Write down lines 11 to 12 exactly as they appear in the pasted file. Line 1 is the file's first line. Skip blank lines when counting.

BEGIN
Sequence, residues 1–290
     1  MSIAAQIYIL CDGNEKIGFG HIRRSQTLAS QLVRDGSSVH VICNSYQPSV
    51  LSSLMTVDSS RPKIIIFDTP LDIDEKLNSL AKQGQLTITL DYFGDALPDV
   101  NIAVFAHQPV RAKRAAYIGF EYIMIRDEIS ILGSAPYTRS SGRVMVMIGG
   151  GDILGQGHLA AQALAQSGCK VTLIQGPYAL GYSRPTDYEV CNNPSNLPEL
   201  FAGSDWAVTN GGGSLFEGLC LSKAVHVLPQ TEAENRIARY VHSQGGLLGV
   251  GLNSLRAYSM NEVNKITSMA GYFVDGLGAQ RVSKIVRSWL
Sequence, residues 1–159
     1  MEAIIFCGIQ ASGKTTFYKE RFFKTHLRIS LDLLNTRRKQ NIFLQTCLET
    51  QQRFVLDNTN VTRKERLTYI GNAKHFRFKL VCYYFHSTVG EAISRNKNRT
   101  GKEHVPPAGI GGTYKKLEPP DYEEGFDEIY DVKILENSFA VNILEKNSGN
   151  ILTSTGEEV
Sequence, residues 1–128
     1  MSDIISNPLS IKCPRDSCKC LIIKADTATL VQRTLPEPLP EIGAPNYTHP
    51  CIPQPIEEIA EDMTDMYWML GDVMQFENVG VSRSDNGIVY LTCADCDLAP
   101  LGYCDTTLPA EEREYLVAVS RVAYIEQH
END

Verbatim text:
   101  GKEHVPPAGI GGTYKKLEPP DYEEGFDEIY DVKILENSFA VNILEKNSGN
   151  ILTSTGEEV